This was originally set to be the PGA Tour’s annual trek to the Great White North, but due to ongoing problems amidst the COVID-19 pandemic, a problem that was front-and-center in the golf and sports world last Saturday, the RBC Canadian Open was cancelled for the second consecutive year.
Canada’s loss is South Carolina’s gain, however, as the southwest portion of the state is jumping in to host its third Tour event in the past two months.
The Palmetto Championship At Congaree will be the one-time lead-in to the much-anticipated U.S. Open, hosting a field headlined by Dustin Johnson and Brooks Koepka, two of the biggest names in the game.
Outside of the big two, though, the field is not exceptionally strong, but it is deep in talent looking to triumph at an unfamiliar course.
The following are the 15 we like the most to land in the winner’s circle:
15. Danny Willett
The former Masters champ tends to be hit-or-miss from round to round, but he should be encouraged by the T26 he posted at last week’s Memorial Tournament, and he was also T11 at something last month called the “Betfred British Masters hosted by Danny Willett.” You would hope he would perform well in that.
The 33-year-old ranks third on Tour in strokes gained: around-the-green, and is 67th in strokes gained: tee-to-green despite ranking outside the top 200 in greens in regulation.
Fewer than ten players carded more birdies than Willett at Muirfield Village.
14. Lucas Glover
In typical Lucas Glover fashion, he ranks well in everything other than putting, and even that has been less of a liability than in some years. He was fantastic over the last three rounds of the Charles Schwab Challenge two weeks ago, rebounding from an opening 74 to finish T8, and also was solo-fourth in April’s Valero Texas Open.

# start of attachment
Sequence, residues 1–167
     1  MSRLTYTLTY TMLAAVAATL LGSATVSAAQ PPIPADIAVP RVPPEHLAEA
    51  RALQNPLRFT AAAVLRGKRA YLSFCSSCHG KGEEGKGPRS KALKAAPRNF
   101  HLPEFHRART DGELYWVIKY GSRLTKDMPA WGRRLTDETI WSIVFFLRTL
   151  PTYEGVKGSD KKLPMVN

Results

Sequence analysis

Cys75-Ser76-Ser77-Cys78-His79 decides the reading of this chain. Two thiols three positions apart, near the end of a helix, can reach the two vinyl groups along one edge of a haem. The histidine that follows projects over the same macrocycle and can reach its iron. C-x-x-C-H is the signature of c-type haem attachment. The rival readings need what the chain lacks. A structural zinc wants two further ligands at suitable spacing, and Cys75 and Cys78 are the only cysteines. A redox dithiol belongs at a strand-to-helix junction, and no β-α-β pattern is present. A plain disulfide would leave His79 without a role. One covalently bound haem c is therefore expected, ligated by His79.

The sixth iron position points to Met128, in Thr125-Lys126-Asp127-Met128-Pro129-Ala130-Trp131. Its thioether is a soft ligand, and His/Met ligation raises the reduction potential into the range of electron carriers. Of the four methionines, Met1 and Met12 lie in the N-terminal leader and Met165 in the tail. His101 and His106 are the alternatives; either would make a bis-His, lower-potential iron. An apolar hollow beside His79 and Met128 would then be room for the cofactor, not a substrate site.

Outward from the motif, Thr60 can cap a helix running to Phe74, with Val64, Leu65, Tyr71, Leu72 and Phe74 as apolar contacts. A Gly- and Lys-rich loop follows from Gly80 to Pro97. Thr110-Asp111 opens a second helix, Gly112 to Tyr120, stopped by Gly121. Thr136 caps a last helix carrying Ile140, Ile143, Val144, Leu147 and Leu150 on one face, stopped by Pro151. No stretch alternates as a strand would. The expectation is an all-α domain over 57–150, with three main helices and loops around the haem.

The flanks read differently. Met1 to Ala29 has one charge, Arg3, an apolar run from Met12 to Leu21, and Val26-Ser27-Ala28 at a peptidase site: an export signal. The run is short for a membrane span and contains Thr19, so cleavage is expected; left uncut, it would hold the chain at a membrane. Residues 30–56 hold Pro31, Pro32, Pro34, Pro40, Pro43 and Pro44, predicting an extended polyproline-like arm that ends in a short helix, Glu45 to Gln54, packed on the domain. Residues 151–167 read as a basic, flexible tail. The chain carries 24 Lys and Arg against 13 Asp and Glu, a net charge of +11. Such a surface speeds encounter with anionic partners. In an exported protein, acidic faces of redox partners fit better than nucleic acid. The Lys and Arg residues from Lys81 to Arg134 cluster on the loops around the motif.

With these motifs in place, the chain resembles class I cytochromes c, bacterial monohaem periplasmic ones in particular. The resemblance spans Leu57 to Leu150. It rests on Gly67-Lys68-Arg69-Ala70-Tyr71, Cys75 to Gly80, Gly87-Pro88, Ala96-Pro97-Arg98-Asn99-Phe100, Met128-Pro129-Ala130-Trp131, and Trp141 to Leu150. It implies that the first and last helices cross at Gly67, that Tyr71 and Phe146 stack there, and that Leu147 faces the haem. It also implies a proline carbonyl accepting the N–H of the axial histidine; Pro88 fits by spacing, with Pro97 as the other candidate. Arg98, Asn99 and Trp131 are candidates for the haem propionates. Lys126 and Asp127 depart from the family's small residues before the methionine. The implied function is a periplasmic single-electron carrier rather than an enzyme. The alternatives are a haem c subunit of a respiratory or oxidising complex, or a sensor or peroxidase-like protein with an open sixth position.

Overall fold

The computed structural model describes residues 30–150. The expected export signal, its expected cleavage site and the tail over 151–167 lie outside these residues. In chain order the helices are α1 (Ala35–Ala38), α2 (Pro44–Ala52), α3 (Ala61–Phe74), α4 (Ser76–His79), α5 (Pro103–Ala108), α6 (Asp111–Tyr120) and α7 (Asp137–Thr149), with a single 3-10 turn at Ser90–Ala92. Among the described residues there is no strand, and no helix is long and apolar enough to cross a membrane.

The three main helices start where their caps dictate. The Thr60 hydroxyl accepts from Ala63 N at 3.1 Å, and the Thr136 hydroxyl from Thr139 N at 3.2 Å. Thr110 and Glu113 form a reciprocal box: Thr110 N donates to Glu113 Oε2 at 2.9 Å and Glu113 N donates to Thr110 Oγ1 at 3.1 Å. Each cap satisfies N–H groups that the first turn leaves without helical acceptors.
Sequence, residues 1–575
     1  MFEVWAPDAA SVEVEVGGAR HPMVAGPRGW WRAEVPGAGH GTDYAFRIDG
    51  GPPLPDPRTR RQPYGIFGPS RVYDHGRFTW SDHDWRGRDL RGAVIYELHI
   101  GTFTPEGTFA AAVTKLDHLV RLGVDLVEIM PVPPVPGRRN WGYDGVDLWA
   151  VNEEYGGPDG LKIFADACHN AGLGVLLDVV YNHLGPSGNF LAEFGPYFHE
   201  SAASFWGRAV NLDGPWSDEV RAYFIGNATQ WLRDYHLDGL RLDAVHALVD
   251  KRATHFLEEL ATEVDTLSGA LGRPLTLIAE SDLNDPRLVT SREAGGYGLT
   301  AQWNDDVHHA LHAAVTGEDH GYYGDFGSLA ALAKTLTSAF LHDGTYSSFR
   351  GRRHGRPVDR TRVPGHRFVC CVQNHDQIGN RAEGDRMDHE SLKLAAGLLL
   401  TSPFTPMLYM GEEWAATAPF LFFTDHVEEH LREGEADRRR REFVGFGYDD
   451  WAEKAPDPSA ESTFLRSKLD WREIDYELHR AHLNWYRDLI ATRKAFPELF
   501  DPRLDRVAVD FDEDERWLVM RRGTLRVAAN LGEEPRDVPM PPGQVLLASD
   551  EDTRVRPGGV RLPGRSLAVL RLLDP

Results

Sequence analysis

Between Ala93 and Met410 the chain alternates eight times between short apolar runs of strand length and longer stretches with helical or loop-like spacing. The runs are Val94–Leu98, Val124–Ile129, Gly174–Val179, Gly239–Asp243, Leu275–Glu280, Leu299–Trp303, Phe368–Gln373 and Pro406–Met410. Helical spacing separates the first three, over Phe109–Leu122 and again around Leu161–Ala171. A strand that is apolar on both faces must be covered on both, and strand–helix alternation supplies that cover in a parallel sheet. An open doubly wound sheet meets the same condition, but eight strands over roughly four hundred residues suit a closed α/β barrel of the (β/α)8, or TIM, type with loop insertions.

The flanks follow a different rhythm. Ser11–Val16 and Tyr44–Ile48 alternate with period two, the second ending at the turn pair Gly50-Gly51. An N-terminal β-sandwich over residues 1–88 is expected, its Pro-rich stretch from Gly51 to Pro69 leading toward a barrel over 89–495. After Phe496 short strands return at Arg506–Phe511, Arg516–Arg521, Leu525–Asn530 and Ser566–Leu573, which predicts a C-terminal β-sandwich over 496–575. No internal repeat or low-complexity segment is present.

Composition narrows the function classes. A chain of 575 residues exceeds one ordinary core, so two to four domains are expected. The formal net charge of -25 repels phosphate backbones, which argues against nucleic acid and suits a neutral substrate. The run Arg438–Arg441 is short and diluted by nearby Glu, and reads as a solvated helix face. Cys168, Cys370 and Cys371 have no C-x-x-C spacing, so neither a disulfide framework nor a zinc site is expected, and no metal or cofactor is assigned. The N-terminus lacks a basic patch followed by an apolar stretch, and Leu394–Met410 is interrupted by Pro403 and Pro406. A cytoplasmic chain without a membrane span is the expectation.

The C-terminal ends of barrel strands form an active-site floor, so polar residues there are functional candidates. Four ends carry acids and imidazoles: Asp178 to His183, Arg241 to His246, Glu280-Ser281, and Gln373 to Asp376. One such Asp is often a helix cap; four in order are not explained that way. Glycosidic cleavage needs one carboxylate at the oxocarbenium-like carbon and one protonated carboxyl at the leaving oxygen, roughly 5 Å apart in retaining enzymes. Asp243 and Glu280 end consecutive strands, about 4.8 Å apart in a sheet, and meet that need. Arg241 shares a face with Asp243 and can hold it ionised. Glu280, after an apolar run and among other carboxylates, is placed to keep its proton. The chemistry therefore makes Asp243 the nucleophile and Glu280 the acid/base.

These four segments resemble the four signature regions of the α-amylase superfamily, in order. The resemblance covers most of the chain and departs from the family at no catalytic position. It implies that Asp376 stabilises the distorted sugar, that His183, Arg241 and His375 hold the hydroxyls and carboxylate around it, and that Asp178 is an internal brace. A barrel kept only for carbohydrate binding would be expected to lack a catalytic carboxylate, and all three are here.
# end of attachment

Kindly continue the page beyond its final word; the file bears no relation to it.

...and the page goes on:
The 41-year-old was also T6 at last week’s Memorial Tournament in driving accuracy. Things seem to be pointing towards at least a top 20ish finish for Glover at Congaree.
13. Camilo Villegas
While the 2021 season has had no shortage of feel-good stories, we still feel that it could use a Camilo Villegas victory. The 39-year-old Colombian, looking for his first Tour victory since 2014, has missed the cut or withdrawn from 10 of 19 starts, but among those nine made cuts, he has finished inside the top 25 six times.
With four weekends played in his last five starts, his 11th ranked Sunday scoring average could put him in excellent position this week. He could definitely benefit from hitting more fairways. Maybe Phil Mickelson could give him some advice on that, after figuring it out just enough to win the PGA Championship at 50 years old.
12. Harold Varner III
The 30-year-old Akron native feels like he has been in contention fairly often, but has posted just two top 10s over 42 starts in the last two seasons. He did, however, finish T2 at South Carolina’s RBC Heritage less than two months ago, and has done enough to sit at a respectable 79th in the OWGR, a ranking beaten by only a handful of players in this week’s field.
Varner III ranks 29th on Tour in strokes gained: tee-to-green, which tends to be a strong indicator of success. He ranks ahead of Daniel Berger, Patrick Reed, and Louis Oosthuizen, among others, in that particular statistic.
11. Brandt Snedeker
The flashes of brilliance that we have become accustomed to seeing from the nine-time Tour winner have become far and few between, but things are trending upwards for Snedeker with three finishes of T17 or better in his last five starts.